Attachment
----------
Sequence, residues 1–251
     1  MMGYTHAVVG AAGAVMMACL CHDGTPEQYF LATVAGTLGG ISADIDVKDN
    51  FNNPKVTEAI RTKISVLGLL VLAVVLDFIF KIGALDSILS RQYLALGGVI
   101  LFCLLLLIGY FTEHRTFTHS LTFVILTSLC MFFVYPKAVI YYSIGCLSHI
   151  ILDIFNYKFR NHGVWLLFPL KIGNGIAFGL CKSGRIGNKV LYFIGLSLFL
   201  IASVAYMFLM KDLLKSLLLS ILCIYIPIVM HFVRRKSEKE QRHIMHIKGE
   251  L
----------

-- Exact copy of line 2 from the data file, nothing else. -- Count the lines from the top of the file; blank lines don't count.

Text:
     1  MMGYTHAVVG AAGAVMMACL CHDGTPEQYF LATVAGTLGG ISADIDVKDN